We are able to use the random forest classifier to integrate the different TF and chromatin features without introducing a complex parametric model. Using multiple features not only allows us to predict 70% of the genes associated with genetic variants, but also we have the possibility of identifying novel gene regulatory interactions. This is especially useful when most eQTL data in human LCLs are underpowered for identifying the genetic pathways involved in complex traits (57). For the purposes of this study, we only examined CREs co-localized with eQTLs, but there are thousands of other CREs without eQTLs that can associated with genes using our classifier. It is also important to note that the CRE–target gene associations provided by the eQTL data are based on correlations and may describe some indirect regulatory interactions (58). The random forest classifier, which is trained on eQTL data, may not be predicting only direct targets of CREs, but it also does help identify TF and chromatin signals that link non-coding SNPs to nearby genes. Without better experimental evidence of direct regulatory relationships, we are limited when validating our predictions. Our hope is that new experimental approaches, such as chromatin interaction analysis by paired-end tag sequencing (ChIA-PET), can one day be conducted in a high-throughput manner to validate interactions between promoters and enhancers (49). Our results also show that the quality of these features for inference is limited by cell specificity. This represents a limitation in our method, where features detected in the GM12878 cell type were not as useful for predicting target genes of eQTLs in fibroblasts and T-cells. The dynamic nature of TF occupancy results in dramatically different TF-binding site profiles detected across different cell types (7,59), and in turn causes differential gene expression.
For each gene, the random forest classifier outputs the ratio of trees in the forest voting for the target classification. This ratio could represent a prioritized list of candidate CRE–target gene interactions to be validated experimentally. Alternatively, we could predict a target by selecting the gene within 1 Mb of a CRE that has the highest ratio. This would make target gene predictions more precise, but we would also have to make the assumption that each element can only regulate one target gene. Making such a strong assumption would hinder the possibility of discovering novel targets. To gain further insight into gene regulatory mechanisms, we could examine the measures for variable importance returned by the classifier (48). However, correlations between TF-binding sites and chromatin markers mean that multicollinearity exists in models combining multiple features (43). This does not reduce the predictive power of the random forest classifier, but makes it difficult to evaluate the contribution of individual features toward the prediction of target genes. To account for correlations between predictor variable when assessing their relative importance, we can permute the values of each feature in the random forests while conditioning on the other features (60). When we did this, we found that the genomic distance feature has the highest conditional importance score, which is consistent with empirical results showing that it is the best predictor of gene–eQTL associations. The ranking of features based on importance scores, shown in Supplementary Figure S5, further suggests that the insulator, TF co-occurrence and GO similarity have some impact on the prediction of target genes, especially for those that are distal (Figure 7). Finding a reduced model based on these features may allow us to identify specific factors influencing long-range regulatory interactions. This will be especially important when more experimental data sets become publicly available, increasing the number of features to consider for integrative analysis.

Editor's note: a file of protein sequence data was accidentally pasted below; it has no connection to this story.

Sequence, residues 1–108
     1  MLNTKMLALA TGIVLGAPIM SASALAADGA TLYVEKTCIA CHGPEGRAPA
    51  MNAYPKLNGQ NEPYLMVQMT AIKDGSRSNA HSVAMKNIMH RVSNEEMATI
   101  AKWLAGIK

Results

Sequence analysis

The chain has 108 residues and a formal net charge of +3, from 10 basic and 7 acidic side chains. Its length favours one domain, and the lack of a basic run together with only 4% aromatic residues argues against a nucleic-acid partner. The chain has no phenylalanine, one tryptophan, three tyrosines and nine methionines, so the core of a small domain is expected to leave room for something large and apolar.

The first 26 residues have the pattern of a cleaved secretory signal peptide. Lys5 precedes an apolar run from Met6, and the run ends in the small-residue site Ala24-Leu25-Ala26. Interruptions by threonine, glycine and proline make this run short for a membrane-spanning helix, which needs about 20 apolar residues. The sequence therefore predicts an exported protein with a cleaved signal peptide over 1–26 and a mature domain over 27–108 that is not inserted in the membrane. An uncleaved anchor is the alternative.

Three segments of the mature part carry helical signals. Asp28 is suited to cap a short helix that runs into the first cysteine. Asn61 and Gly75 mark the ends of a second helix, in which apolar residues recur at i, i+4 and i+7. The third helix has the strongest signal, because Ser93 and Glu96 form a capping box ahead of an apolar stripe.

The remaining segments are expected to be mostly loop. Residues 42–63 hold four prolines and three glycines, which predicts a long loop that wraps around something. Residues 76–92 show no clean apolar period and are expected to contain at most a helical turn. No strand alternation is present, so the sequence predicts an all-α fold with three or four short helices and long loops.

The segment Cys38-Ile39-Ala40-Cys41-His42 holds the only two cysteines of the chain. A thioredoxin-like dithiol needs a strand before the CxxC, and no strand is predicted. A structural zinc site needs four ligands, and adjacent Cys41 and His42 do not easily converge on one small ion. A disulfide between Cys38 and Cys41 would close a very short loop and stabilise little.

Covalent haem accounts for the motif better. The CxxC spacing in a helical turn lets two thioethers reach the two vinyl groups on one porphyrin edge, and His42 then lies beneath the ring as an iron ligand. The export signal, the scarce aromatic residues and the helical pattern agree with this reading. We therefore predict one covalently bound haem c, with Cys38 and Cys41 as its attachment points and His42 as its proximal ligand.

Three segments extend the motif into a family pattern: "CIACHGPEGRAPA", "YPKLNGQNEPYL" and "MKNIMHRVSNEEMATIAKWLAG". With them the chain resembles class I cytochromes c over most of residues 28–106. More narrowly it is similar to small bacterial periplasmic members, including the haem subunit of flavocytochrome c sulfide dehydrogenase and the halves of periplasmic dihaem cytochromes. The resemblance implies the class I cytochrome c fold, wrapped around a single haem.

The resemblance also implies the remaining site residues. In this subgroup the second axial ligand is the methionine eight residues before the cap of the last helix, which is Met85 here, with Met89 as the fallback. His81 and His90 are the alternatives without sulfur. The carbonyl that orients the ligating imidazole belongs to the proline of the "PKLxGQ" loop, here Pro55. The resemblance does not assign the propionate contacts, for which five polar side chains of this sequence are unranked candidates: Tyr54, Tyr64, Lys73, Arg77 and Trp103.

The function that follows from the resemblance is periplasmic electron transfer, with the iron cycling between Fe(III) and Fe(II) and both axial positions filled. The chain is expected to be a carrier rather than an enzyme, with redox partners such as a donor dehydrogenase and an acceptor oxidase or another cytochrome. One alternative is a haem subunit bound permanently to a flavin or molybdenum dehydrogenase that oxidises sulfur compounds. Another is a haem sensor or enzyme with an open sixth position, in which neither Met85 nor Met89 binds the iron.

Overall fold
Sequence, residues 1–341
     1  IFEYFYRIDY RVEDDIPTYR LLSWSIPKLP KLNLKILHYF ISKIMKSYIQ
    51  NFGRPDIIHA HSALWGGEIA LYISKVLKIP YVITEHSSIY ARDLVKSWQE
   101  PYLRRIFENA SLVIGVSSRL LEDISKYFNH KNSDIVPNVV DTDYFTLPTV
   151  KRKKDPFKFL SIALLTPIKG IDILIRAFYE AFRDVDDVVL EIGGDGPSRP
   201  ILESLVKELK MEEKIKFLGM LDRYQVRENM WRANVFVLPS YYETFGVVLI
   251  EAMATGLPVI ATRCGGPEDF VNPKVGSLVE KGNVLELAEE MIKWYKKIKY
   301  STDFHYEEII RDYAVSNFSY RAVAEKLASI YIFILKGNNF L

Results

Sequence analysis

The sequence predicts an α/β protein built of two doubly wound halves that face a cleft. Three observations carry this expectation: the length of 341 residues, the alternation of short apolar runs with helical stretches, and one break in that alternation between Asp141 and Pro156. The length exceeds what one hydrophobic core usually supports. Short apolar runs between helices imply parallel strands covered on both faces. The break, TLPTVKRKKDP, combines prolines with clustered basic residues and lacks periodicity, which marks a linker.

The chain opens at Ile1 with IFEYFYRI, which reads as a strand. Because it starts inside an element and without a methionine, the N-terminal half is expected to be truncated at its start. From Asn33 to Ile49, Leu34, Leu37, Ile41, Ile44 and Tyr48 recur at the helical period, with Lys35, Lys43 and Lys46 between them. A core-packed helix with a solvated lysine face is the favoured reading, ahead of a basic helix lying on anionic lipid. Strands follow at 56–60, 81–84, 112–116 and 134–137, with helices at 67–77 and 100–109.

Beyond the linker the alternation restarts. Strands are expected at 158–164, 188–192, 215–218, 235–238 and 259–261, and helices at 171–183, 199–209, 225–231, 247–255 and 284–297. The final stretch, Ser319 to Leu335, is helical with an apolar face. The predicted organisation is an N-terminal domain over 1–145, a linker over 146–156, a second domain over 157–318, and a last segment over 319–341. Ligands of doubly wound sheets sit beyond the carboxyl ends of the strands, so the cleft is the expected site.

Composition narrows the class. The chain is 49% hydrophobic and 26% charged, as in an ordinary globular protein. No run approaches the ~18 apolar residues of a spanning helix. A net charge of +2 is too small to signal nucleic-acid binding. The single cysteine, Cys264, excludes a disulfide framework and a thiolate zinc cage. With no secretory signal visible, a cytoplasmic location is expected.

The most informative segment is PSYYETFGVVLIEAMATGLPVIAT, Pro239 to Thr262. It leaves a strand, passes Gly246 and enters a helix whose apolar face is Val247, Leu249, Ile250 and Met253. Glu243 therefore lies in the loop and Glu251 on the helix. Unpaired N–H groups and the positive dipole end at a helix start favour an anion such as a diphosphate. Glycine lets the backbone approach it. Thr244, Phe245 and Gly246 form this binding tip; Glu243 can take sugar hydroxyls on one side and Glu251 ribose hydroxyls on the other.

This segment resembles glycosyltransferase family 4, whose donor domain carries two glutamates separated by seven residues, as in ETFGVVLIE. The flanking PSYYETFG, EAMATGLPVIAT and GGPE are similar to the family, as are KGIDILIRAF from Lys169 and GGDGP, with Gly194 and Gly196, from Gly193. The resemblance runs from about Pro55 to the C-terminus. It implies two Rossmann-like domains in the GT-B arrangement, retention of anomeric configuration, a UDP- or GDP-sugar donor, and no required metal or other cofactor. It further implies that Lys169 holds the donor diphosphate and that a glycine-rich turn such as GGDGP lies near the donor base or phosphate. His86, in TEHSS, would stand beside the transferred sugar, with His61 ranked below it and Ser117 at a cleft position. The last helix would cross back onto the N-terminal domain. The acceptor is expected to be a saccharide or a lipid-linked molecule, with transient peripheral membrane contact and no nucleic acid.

In summary, we have examined TF and chromatin features that co-localize along the genome. Specifically, we proposed using genomic distance, gene co-expression, open chromatin, TF co-occurrence, GO similarity and insulator marks as possible features for predicting genes associated with eQTLs. Although all the features are weak predictors for distal genes, we have shown that an ensemble of these features can significantly improve eQTL target prediction. It is, however, crucial for these features to be obtained from the same cell population, owing to the cell type specificity of these features. Through this approach, we can propose mechanistic explanations for how genetic variants influence target genes through chromatin state and TF binding dynamics.
Supplementary Data are available at NAR Online: Supplementary Tables 1 and 2, Supplementary Figures 1–10 and Supplementary Dataset 1.
European Commission Marie Curie Actions FP7 (to D.W. and L.W.); British Heart Foundation (to A.R.); NIHR Programme (to A.R.); Natural Sciences and Engineering Council of Canada Postgraduate Scholarship (to D.W.). Funding for open access charge: Medical Research Council.
Conflict of interest statement. None declared.
The authors thank the ENCODE consortium for making their data freely available.